All of Christ for All of Life
Grace Alone, Faith Alone, Christ Alone

Guide for the Preparation for Worship on 5 May 2019

5 May 2019 – The Rev. Stephen Migotsky preaching

Call to Worship: Psalm 96:1-3

Opening Hymn: 524 “Guide Me, O Thou Great Jehovah”

Confession of Sin

Almighty God, Who are rich in mercy to all those who call upon You; Hear us as we humbly come to You confessing our sins; And imploring Your mercy and forgiveness.  We have broken Your holy laws by our deeds and by our words; And by the sinful affections of our hearts.  We confess before You our disobedience and ingratitude, our pride and willfulness; And all our failures and shortcomings toward You and toward fellow men.  Have mercy upon us, Most merciful Father; And of Your great goodness grant that we may hereafter serve and please You in newness of life; Through the merit and mediation of Jesus Christ our Lord.  Amen.

Assurance of Pardon: John 1:29

Hymn of Preparation: 387 “Day of Judgment, Day of Wonders”

Old Covenant Reading: Daniel 7:13-18

New Covenant Reading: Luke 21:5-38

Sermon: Destruction to Jerusalem, Persecution, and the End

Hymn of Response: 511 “Take up Your Cross”

Confession of Faith: Nicene Creed (p. 852)

Doxology (Hymn 568)

Closing Hymn: 446 “Be Thou My Vision”

PM Worship

OT: Psalm 61:1-8

NT: 1 Peter 2:1-12

Singing Psalm 61B

Longing for the Rock

Shorter Catechism Q/A # 89

Q. How is the word made effectual to salvation?
A. The Spirit of God maketh the reading, but especially the preaching, of the word, an effectual means of convincing and converting sinners, and of building them up in holiness and comfort, through faith, unto salvation.

Suggested Preparations

Monday (4/29) Read and discuss Luke 21:5-38. N.T. Wright comments:

Jesus’ warnings about what the disciples will face in the days to come clearly indicate that He will no longer be with them, but that they will be marked out as His followers. Others will come pretending to be Him, or to be His spokesperson. The world will be convulsed with wars and revolutions, all the more alarming because, without radio, television, telephones or newspapers, people would hear of such things by rumor from travelers, and would pass on the news with additional speculation until a border skirmish had been inflated , in the telling, to become an all-out war, and the Emperor’s occasional sneeze had been exaggerated into a fatal illness.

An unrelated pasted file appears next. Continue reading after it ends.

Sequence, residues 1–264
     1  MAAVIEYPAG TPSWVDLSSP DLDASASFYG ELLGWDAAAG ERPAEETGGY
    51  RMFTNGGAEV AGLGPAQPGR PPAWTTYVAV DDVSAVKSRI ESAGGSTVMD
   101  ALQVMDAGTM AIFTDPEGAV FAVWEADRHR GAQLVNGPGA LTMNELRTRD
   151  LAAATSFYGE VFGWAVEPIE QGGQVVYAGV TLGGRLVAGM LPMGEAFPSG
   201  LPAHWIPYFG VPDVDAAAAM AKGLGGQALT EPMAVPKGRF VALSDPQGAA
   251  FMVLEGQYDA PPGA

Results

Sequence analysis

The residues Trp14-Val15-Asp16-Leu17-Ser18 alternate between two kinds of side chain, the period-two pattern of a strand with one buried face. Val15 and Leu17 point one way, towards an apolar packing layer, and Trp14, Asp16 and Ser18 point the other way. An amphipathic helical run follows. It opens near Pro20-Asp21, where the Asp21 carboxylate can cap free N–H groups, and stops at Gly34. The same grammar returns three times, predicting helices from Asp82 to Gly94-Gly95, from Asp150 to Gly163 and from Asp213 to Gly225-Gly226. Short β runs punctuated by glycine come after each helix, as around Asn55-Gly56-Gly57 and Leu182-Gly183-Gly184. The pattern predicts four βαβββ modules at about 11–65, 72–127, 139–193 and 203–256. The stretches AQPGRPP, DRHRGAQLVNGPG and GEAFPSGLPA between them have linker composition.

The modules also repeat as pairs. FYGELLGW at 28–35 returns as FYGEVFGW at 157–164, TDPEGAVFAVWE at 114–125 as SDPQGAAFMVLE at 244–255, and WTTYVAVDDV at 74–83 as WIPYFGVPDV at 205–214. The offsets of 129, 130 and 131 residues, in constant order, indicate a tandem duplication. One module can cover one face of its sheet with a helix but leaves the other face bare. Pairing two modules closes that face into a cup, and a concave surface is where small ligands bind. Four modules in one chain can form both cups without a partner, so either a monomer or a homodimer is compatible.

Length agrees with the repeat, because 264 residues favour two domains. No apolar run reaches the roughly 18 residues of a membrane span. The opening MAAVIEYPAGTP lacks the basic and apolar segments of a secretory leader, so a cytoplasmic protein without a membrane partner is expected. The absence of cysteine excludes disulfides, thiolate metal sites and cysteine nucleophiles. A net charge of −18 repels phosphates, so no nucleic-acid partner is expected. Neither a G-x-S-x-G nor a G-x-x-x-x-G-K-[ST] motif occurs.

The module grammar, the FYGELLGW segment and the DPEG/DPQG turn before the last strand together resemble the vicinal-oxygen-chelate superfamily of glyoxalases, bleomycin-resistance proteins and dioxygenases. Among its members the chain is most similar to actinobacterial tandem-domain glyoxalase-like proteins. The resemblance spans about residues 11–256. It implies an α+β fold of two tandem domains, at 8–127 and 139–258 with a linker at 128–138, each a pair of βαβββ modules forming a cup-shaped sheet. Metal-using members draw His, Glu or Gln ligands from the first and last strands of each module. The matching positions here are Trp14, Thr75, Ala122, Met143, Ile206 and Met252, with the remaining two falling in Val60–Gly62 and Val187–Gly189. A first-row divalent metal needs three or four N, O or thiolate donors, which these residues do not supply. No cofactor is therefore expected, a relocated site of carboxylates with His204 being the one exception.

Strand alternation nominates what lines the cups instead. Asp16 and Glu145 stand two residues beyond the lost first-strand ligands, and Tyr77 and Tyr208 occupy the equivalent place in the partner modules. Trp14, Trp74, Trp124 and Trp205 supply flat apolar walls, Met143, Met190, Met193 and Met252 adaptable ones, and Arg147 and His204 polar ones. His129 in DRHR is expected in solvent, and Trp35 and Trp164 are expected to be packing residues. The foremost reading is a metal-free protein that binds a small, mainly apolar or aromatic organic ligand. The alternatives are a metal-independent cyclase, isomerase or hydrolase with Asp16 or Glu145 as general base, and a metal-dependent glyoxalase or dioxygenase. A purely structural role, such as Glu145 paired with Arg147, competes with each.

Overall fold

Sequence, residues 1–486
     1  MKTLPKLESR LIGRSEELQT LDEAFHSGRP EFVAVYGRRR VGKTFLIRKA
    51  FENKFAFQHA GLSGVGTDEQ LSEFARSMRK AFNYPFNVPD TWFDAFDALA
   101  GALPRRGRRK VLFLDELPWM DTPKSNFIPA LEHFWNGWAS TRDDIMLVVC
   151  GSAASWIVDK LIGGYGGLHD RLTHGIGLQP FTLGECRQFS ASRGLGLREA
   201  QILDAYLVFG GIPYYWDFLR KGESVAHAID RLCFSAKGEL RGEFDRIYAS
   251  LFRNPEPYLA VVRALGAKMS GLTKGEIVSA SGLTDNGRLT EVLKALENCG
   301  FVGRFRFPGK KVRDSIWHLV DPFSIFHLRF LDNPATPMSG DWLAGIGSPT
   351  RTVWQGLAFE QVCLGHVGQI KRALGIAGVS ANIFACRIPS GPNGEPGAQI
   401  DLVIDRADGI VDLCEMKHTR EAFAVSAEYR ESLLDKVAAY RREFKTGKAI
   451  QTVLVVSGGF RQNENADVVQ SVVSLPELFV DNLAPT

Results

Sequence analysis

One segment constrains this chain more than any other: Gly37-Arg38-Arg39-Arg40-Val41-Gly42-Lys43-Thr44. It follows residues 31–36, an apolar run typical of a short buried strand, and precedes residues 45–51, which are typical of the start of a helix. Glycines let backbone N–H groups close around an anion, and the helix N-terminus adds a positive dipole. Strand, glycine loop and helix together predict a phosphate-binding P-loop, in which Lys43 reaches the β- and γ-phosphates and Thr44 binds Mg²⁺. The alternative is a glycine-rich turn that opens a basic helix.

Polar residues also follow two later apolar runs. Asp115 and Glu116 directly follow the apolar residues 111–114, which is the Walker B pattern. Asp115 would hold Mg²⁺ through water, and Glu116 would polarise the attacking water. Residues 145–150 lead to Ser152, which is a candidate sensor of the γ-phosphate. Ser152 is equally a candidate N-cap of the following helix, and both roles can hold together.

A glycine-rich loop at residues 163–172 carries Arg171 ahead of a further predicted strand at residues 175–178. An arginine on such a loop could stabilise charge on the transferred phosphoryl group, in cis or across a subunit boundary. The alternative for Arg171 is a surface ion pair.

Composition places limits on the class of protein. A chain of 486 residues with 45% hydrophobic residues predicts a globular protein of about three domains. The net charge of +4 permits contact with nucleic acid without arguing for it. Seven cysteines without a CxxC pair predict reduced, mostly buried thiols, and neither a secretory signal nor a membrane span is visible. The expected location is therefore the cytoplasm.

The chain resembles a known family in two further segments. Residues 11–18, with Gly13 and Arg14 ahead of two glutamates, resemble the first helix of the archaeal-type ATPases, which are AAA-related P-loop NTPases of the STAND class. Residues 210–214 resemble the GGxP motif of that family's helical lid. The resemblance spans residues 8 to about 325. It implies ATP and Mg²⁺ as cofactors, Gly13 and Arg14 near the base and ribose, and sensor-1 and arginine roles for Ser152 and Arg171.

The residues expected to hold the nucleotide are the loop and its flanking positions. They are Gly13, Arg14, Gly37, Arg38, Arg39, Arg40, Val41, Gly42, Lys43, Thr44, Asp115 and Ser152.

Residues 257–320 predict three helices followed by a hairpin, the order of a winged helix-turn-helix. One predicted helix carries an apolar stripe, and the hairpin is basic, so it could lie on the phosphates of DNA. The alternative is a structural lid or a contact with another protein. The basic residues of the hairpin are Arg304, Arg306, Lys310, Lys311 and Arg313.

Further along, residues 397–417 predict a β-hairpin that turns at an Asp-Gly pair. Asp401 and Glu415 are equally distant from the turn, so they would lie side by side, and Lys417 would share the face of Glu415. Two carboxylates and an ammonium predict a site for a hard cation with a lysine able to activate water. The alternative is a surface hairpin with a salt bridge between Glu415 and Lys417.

Jesus clearly expects that amid these turbulent times His followers will be marked out as undesirables. People would retain a memory of Jesus as someone leading Israel astray, deflecting people from keeping the law, and from defending the national interest, with His dangerous talk of God’s kingdom, of peace and grace for all. When the going got tough, in Israel, and in Jewish communities around the world, those who were known as Jesus’ people would be in the firing line; and, quite soon, non-Jewish communities would follow their example. Families would be split; sometimes it would seem that the Christians were the ones blamed for everything, the ones everybody loved to hate. If ever they needed patience, they would need it then.

Jesus promises, though, that He will give them what they need during this time of waiting: ‘a mouth of wisdom.’ This promise should not, of course, be taken as license to ignore the hard work required for regular Christian teaching. It refers to the times when people are on trial for their lives because of their allegiance to Jesus. The story of the first generation of Christianity – the time between the resurrection of Jesus and the fall of the Temple in AD 70 – bears out these prophecies.